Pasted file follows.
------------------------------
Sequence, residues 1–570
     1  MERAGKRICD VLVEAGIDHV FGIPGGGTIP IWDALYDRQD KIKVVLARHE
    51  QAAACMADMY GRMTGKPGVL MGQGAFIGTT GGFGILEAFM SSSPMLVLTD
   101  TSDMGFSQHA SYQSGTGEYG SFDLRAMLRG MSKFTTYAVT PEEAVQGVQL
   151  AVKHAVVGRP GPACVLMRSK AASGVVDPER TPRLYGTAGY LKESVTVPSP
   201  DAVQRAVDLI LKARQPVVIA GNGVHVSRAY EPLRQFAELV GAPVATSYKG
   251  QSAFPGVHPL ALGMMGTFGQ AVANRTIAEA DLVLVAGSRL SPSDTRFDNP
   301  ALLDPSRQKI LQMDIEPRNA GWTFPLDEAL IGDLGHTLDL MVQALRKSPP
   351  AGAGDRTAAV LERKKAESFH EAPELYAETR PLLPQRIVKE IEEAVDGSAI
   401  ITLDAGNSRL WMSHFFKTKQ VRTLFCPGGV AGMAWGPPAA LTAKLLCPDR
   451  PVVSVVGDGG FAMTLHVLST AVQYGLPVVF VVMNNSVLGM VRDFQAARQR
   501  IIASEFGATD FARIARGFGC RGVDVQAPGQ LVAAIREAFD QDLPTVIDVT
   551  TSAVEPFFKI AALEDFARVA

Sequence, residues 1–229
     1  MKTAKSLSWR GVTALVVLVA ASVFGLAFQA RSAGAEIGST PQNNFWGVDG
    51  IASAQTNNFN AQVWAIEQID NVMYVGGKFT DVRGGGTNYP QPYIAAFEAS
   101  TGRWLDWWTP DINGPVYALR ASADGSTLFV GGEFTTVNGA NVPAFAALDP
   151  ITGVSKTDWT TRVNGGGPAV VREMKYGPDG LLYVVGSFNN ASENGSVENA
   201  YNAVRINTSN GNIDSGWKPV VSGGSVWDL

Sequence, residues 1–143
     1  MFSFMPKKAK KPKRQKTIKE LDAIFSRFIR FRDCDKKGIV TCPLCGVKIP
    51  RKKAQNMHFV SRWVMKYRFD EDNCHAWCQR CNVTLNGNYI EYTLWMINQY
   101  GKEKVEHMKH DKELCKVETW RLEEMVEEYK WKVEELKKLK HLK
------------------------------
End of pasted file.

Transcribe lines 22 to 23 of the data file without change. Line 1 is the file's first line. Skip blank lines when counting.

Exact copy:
    51  RKKAQNMHFV SRWVMKYRFD EDNCHAWCQR CNVTLNGNYI EYTLWMINQY
   101  GKEKVEHMKH DKELCKVETW RLEEMVEEYK WKVEELKKLK HLK